Written by 4:49 am Audiophile

Can Digital Audio Fix it?

Roger Skoff writes Part 8 of his continuing series about how it used to be, why it was like that, and what it means today…

Last time, in Part 7 of this continuing series, after the usual short summary of what had gone before, I wrote about digital crossovers, and how they could not only provide “phase-perfect” reproduction from our speakers, but could also be used to equalize them to be “frequency-perfect”, as well.  The only potential problem with using digital circuitry to separate the various frequency ranges, correct them, and send them to the appropriate drivers, I wrote, was that doing so could require buying not only the digital device, but also bi- or tri-amping your system. (Using one amplifier per section to drive your speakers’ woofer(s), tweeter(s), and midrange driver(s), if any) Instead of that, I asked at the article’s end, “…why not just correct the entire system and even the room that it plays in all at the same time?”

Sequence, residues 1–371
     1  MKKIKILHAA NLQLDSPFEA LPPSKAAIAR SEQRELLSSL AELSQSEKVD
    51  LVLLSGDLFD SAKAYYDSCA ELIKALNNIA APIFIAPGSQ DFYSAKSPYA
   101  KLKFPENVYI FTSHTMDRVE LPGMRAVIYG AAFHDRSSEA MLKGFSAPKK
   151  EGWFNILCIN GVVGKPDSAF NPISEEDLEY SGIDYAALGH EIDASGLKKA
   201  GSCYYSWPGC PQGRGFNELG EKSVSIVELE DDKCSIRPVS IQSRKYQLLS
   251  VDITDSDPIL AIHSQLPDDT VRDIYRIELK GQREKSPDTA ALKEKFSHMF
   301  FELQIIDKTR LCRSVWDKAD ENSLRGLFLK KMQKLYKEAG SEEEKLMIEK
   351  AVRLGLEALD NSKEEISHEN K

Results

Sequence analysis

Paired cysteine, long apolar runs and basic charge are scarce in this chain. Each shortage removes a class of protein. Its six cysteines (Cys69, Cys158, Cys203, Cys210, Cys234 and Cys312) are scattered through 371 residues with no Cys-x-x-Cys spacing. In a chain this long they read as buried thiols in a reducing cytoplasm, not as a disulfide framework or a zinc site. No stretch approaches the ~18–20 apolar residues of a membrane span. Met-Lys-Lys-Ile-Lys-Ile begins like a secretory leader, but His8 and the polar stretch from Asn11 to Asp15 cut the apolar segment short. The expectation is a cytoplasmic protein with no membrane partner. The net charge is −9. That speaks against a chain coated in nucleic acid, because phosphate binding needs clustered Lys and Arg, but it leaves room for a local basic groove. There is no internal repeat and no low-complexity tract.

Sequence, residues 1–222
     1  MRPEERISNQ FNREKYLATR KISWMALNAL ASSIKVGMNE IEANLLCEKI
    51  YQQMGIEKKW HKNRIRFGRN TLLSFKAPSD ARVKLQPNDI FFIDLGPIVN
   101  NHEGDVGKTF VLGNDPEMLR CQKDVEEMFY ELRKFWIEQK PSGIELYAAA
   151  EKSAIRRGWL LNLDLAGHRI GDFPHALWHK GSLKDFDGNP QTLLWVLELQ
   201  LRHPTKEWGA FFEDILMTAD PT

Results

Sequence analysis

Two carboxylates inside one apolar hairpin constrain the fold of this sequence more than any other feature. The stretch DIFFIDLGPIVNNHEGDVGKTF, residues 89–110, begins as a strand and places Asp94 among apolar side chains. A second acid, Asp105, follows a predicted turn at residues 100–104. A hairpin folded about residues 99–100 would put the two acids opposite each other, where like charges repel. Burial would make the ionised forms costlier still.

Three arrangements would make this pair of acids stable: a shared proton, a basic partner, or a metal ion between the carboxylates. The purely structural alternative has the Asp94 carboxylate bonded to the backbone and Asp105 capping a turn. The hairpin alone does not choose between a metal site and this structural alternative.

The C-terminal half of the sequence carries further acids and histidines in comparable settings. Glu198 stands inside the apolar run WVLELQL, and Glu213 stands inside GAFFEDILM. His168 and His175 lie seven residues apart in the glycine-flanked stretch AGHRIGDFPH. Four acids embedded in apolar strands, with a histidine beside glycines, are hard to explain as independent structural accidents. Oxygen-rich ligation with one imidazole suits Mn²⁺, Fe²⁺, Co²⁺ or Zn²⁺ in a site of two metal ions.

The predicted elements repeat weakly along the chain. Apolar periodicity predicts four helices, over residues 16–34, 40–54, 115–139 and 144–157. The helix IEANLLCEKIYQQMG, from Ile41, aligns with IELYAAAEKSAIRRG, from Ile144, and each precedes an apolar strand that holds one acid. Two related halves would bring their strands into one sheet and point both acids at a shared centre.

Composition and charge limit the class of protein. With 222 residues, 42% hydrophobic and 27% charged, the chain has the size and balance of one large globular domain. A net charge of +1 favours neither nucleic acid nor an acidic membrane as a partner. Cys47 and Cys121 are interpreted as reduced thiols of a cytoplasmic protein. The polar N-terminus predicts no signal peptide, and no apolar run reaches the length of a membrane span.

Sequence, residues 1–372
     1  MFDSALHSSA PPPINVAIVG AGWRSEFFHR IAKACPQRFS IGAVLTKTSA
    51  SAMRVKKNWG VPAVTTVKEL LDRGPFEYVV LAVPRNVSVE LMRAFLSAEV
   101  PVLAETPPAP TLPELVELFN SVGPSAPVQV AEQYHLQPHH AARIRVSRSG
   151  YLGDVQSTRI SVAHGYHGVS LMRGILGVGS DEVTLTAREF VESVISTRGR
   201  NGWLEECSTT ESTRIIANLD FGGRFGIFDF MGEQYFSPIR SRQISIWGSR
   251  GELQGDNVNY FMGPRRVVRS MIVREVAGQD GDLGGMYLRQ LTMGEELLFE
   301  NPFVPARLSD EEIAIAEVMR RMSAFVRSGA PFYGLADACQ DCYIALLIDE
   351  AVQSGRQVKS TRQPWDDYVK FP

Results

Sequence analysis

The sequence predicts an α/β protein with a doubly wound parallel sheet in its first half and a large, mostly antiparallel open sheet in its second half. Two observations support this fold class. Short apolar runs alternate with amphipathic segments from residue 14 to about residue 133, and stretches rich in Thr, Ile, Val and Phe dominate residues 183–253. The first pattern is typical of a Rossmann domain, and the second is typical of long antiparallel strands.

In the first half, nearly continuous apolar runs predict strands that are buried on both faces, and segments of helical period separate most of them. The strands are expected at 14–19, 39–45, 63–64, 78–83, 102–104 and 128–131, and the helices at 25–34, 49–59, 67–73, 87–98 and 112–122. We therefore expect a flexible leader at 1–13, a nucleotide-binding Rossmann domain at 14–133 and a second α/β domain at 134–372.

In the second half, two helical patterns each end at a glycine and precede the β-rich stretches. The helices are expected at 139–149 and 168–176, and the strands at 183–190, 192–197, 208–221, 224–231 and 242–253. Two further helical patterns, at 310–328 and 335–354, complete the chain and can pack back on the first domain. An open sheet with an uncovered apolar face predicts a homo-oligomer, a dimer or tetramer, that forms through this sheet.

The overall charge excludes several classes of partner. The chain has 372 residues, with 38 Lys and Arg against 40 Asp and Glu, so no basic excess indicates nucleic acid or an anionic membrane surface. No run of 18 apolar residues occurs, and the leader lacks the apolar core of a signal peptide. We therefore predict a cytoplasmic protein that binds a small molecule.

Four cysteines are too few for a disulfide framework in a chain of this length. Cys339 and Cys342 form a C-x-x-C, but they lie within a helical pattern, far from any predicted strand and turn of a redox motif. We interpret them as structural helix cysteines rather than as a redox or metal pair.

AR-ac101.jpgBack in what was probably the mid-1990s, I bought an Audio Control C-101 “octave equalizer with real-time spectrum analyzer and pink noise generator”. That was an analog device that would allow you to run “pink noise” (random noise filtered to always have an equal amount of signal energy in every octave of the audio range) through your system and, using  the calibrated microphone that came with it, measure the actual sound level at every octave in your listening room so that, if there were “peaks or valleys”, you could use its built-in equalizer to apply a boost or cut as necessary in each of the available one-octave frequency ranges and correct them to the “flat” or whatever other frequency response you desired. (An “octave”, incidentally, is a doubling or halving of any starting frequency. In audio, we often talk about the octave between 20 and 40 Hz, for example, or from 1kHz to 2kHz, or 10kHz to 20kHz. On the C-101, the “bottom” octave is from 32Hz to 64Hz.)